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Record-breaking temperatures, mega-fires and dry rivers threaten to end the "California Dream”.

According to a study by "The foundation of California's Fourth Climate Change Assessment”, if greenhouse gas emissions continue to increase, the temperature will have risen by 8°C by 2100. The frequency of extreme wildfires will increase accordingly, and the average area burned will reach 77% of California.

Drought on the West Coast of the United States is nothing new. The deserts of Nevada and California are popular tourist destinations, but climate change is is expanding this phenomenon to those places now famous for the world's largest redwood forests. This is evidenced by data from the “Us Drought monitor”, the federal service that monitors drought, which reported that 88% of California is currently in "extreme drought”.

Then in the background is the serious threat of wildfires, which are increasingly frequent and devastating.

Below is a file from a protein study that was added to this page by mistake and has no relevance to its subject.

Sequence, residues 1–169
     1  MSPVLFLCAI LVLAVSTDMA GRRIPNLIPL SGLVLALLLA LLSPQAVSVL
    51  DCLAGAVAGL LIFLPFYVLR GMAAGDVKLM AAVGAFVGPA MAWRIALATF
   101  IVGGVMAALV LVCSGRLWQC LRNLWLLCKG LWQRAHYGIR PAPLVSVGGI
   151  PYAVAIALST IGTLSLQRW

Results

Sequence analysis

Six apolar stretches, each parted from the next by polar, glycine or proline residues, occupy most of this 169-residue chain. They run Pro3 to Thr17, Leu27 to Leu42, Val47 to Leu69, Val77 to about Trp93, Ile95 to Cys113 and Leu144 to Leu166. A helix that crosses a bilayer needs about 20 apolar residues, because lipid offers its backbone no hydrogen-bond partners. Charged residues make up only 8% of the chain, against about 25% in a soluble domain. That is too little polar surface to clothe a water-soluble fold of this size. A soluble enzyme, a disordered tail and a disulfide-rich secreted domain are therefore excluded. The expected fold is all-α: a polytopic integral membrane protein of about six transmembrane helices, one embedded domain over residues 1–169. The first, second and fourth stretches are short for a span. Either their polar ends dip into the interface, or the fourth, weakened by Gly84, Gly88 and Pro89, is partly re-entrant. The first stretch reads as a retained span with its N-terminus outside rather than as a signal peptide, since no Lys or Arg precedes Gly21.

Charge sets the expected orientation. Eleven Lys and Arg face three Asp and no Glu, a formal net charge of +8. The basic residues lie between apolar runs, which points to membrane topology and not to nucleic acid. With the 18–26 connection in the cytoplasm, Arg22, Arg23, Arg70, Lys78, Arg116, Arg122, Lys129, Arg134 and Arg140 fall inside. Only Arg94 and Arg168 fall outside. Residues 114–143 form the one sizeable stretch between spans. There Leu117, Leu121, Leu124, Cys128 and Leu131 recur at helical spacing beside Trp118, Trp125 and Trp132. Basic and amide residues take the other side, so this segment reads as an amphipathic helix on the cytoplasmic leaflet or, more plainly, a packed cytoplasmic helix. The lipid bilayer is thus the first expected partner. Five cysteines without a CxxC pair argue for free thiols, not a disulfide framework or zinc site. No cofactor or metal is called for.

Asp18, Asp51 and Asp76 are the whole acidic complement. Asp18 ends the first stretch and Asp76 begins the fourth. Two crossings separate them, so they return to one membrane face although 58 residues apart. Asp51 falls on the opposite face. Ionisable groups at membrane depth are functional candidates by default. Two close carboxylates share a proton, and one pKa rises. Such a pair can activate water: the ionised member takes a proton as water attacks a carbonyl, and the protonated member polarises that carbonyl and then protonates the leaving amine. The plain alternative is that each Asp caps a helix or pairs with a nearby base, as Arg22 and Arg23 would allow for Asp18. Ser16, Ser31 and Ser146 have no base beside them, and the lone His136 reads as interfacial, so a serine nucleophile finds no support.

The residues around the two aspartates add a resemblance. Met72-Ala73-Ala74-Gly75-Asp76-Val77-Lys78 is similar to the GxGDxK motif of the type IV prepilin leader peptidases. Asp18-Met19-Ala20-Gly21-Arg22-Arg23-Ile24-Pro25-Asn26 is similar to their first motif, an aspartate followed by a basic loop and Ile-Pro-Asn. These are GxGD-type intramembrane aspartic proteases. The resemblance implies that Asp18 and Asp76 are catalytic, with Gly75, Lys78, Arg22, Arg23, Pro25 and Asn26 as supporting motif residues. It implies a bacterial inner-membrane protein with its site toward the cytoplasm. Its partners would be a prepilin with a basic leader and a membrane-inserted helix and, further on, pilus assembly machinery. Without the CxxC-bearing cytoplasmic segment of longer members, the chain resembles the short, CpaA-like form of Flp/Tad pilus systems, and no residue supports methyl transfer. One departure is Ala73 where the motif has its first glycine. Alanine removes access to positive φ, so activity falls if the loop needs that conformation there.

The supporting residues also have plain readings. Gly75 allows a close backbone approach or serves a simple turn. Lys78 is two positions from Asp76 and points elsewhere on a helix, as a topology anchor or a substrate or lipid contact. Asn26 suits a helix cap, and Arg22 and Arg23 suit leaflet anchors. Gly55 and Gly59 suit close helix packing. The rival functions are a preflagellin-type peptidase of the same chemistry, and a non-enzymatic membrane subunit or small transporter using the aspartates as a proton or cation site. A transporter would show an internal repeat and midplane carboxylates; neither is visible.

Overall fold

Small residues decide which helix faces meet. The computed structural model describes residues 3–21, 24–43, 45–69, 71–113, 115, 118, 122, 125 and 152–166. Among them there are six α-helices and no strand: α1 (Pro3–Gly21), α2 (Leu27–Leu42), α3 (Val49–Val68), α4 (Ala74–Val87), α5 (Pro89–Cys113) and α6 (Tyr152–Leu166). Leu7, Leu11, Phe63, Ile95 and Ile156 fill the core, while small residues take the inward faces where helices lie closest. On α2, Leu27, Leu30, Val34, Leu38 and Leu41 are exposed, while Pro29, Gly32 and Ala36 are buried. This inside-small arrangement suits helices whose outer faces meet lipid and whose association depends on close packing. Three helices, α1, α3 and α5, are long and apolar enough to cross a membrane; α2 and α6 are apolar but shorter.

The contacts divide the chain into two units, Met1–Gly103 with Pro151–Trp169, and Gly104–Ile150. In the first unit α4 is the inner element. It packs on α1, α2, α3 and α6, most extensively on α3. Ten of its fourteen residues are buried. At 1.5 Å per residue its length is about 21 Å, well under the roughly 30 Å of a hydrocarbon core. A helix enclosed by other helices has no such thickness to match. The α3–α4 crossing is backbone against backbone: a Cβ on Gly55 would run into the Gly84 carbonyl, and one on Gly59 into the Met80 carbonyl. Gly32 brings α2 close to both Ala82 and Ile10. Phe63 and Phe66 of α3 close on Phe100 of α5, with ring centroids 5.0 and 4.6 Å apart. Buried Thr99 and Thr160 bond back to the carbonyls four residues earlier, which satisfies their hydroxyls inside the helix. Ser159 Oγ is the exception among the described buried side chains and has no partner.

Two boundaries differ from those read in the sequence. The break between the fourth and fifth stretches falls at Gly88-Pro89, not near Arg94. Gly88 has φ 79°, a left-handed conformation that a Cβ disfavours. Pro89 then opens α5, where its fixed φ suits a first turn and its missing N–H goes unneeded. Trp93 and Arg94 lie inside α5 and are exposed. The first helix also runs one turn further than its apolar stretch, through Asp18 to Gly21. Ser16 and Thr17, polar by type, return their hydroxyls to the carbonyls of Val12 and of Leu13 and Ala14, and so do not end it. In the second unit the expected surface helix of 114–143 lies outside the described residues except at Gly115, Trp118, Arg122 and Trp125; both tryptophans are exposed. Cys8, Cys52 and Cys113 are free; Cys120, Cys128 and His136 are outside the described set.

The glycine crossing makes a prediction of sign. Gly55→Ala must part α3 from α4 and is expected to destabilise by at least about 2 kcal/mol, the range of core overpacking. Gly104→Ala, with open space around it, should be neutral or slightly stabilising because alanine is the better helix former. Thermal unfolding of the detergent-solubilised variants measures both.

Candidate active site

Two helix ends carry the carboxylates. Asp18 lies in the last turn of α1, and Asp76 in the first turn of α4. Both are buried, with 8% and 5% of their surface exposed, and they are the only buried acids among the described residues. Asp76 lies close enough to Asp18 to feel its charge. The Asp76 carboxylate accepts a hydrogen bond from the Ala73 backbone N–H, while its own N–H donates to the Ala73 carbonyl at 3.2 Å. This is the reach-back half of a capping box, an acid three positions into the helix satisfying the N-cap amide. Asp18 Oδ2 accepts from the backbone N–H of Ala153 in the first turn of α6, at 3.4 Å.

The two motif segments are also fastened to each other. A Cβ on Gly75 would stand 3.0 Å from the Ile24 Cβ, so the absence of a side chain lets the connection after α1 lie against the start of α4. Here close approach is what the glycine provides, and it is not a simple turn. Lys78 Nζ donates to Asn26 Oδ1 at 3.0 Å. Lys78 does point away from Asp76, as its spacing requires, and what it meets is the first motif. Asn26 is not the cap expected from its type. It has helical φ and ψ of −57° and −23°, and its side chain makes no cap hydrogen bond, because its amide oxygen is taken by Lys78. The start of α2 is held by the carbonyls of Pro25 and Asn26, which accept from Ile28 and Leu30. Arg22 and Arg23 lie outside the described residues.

The "Camp fire" was the most severe and destructive in California's history through 2018; after devastating the forests of Butte County, the fire reached Paradise, destroying more than 18,000 buildings and killing 85 people.

And again, in 2020 "August Complex” burned more than 200 thousand acres, becoming the most devastating fire in California's modern history.

Our photos, taken in the areas devastated by the Camp Fire and made with a special slide projector, are both a real and metaphorical projection of a not-too-distant future looming over the entire American continent

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